The 16th season of Dragons’ Den premieres on CBC tonight, and while the long-running reality show has provided plenty of causes for excitement since it first debuted in 2006, tonight’s premiere is especially encouraging because of the diversity that will be represented on the Dragons’ panel.
In addition to being the first time the Dragons will be comprised of a women majority, this season will also be the first time in the show’s history that more than one BIPOC entrepreneur will be seated among the esteemed venture capitalist investors.
The newest Dragon in the Den, Wes Hall, took some time to chat with us about his decision to join the show, the importance of representing Canada’s diversity in media, building businesses like Kingsdale Advisors and The BlackNorth Initiative as a Black entrepreneur, and his favourite spots to eat in his current home base of Toronto.
What made you decide to join Dragons’ Den?
I like the idea of diversity and I’ve loved the show from the moment it first aired, but I never really saw anyone that looked like me. I knew that I was an entrepreneur and a business person and I thought I could be a good Dragon back in the day, but nobody ever asked me.
So they came and asked me if I was interested and I said I was, and next thing you know, I went to an audition with 12 people and they said “OK Wes we think you’re going to be the guy.”
But the biggest deal for me is to make sure that the show represents Canada’s diversity and now we have three women and two guys, we have two persons of colour, and I think it’s a good representation of Canada now.
Why is it important to showcase diversity among the Dragons?
There are a lot of people who don’t know if they can make it because they don’t see representation of themselves when it comes to success. There are going to be a lot of young Black kids all over Canada that are looking at the show who are going to say, “Wait a minute. I can be like that guy?”
And when they realise that I came from nothing–I lived in a tin shack and came here as an immigrant and I built my businesses from the ground up–it’s going to give them so much more confidence. And then going to school the next day with their heads high thinking, “I’m going to be the next Wes Hall.” So that’s what I’m hoping kids and young people will get from the show.
But not only young people, I’m talking about black entrepreneurs who are struggling–they can’t get financing, nobody believes in them–but then they can look at me and go, “If I get on Dragons’ Den, Wes is going to be my guy, or maybe I can reach out to Wes and he’ll believe my story and he’ll help me out.”
So we want to give a lot of hope to people in all walks of life–young, old, BIPOC, new immigrants, you name it–they’re going to see an opportunity as a result of me being on the show.
How did your Dragons’ Den experience differ from your previous entrepreneurial endeavours?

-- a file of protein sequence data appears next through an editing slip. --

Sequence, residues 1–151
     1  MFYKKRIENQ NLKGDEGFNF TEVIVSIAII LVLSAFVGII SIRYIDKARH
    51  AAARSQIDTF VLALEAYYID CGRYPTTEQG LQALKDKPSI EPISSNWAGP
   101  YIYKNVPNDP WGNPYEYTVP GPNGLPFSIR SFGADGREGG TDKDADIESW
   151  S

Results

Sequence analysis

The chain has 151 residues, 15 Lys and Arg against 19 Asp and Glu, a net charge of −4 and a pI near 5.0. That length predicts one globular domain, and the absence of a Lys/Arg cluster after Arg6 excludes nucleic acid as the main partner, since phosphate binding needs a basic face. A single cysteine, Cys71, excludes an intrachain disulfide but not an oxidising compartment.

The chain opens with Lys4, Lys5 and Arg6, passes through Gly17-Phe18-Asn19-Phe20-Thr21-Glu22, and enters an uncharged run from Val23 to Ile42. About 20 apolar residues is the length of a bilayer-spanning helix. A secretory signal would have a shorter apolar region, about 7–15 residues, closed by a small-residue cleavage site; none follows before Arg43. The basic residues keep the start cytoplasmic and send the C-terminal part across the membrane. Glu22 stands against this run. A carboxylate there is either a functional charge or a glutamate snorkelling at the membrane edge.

I’ve been involved in a lot of deals and I was surprised to see the kind of things people came in with looking for funding. I would never have had the confidence to do that because when I was starting up my business I did so much research, I wrote a large business plan, I did so much work and yet I didn’t get the financing.
But some of these people just come in with nothing; not even a piece of paper. They don’t know the math but they say their business is valued at $10 million, and they say it to you with a serious look on their face and I’m sitting there going “Really? Are you here for entertainment or are you here for real?”
If you watch the show just once you realize that you’re going to be eaten alive. That’s why they call it the Den and that’s why we’re called Dragons. We’re going to breathe a lot of fire on you and we’re going to burn you, so you better be careful if you walk in the Den and you’re not prepared.
Some of the biggest deals in the Den have come from the culinary world. Are there any recent food-related innovations that you’ve been keeping an eye on?
There’s a technology/social enterprise coming up that really helps out chefs called Tre’dish. These guys are about trying to help chefs in Canada and the U.S. monetise their kitchens through a curated delivery service.
So if you feel like you want to have Jamaican food, you can get a Jamaican chef to make you a nice Jamaican meal; if you feel like Asian food you can get an Asian chef to make it, if you like Greek and so on; it’s all on this one Uber-like platform whereby you can select from all these amazing chefs, they make the meal, send it to you, and it’s all curated for your taste and likes. So that’s the next big thing that I’m totally behind and supporting and using.
Do you have a favourite iconic Canadian food?
You know, I love maple syrup with chicken and waffles. I know maple syrup is the iconic Canadian part, but you put some waffles in there and you can’t get any better than that when it comes to breakfast.
Speaking of breakfast, you’ve been situated in the GTA for roughly 30 years. Do you have a go-to spot for breakfast?
Favourite place to go for lunch?
My buddy Mohamad Fakih owns Paramount Fine Foods and I go to the one in Yorkville all the time. Now they also have fried chicken and all the stuff that I love so much. In fact, I’m doing my Dragon’s Den premiere [party] there this week, so I look forward to that.
I also love Sash. It’s run by a guy who used to be at North 44 and it’s also a great place for lunch and dinner.